Pro-life Christians who choose to be thoughtful about such things should be deeply troubled by the reality of Thanksgiving. Indeed, it is perhaps the holi-day par excellence of the culture of death. Of course, the best option for Christians would be simply not celebrating Thanksgiving at all. After all, Christians have their own thanksgiving, only we use its Greek name, eucharist. It is a celebration of liberation and resurrection, not invasion and extermination. It is a celebration that embodies new familial relationships not based on blood or nationality but our common life in Christ. It is a celebration whose purpose is not to say “thank you for all the stuff we have when others are not so fortunate,” but rather “thank you for inviting all of us to this table.” And of course, the one we thank is the Author of Life, the One who is not to be replaced by sentimentalism or the idols of state, of “freedom,” of “choice” and the like. No wonder Jesus made the eucharist a vegetarian feast, a true foretaste of the banquet of the Kingdom of God.
Of course, for most of us, myself included, not celebrating Thanksgiving is simply not realistic. With a one-year old child and having just moved back to the u.s. from Canada after over three years away from family and friends, I am not about to be so politically smug that I would simply refuse to participate in my own family’s traditions. On the other hand, I’m not sure that Thanksgiving can truly ever be redeemed unless it includes attention to the reality behind it, perhaps through the observance of a National Day of Atonement. A “let’s just look at the bright side” approach to Thanksgiving, an approach historically-conscious liberal american Christians tend to choose, simply will not cut it.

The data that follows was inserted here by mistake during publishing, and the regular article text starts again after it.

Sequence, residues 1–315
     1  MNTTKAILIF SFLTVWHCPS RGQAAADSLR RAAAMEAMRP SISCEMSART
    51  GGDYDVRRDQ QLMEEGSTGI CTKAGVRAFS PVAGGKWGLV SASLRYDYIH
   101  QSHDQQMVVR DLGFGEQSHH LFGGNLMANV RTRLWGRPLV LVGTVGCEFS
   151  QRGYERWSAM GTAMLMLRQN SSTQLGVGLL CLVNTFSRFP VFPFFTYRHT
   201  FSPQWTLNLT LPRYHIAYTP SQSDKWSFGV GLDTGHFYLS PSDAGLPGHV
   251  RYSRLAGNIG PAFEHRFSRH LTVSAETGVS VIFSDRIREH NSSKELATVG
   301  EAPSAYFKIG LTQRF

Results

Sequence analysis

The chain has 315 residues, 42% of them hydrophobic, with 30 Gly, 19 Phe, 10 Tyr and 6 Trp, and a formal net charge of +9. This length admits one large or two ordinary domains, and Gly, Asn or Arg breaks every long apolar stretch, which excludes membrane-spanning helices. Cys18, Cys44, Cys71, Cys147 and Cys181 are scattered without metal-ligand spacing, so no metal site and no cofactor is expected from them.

If anything, I am suggesting that Christians should bear the above realities in mind during this holi-day, and should, in some significant and deliberate way, make their celebration of american Thanksgiving different somehow this year, and every year. Christians, if they are to celebrate this dangerous holi-day, should in doing so make clear that they are citizens of a different empire, the Empire of God, and that this empire has its own story that exposes the lies of the earthly kingdoms’ mythologies, especially those of the united states of america. Exposing the lies of the american myth of Thanksgiving, in one way or another, must be a part of any serious pro-life celebration of the holi-day. Anything less would mean participation in an ideological cover-up which silences the historical and present-day victims of american empire. As “resident aliens” within the american empire, any eucharist that the People of God celebrates should look very different from the eucharist of the empire.
Read the whole entry here.
Then of course, we have the following day, Black Friday, when we celebrate the triumph of consumer gods. Buy, buy, buy. The juxtaposition is fascinating. Thanksgiving deals with the oppression of the native peoples and now we continue to buy our goods, many of which are made in third world sweatshops, just so we can continue to thank God for the blessings we have received... at an incredibly low price.
If Mike calls for subversion of Thanksgiving, this holiday season let us subvert the shopping season that is set upon us by the corporate shills. Don't buy stuff. Follow Jesus. Remember the poor, the outcast, the lowly... the ones God remembers. If you need some help see the ELCA Good Gifts catalog.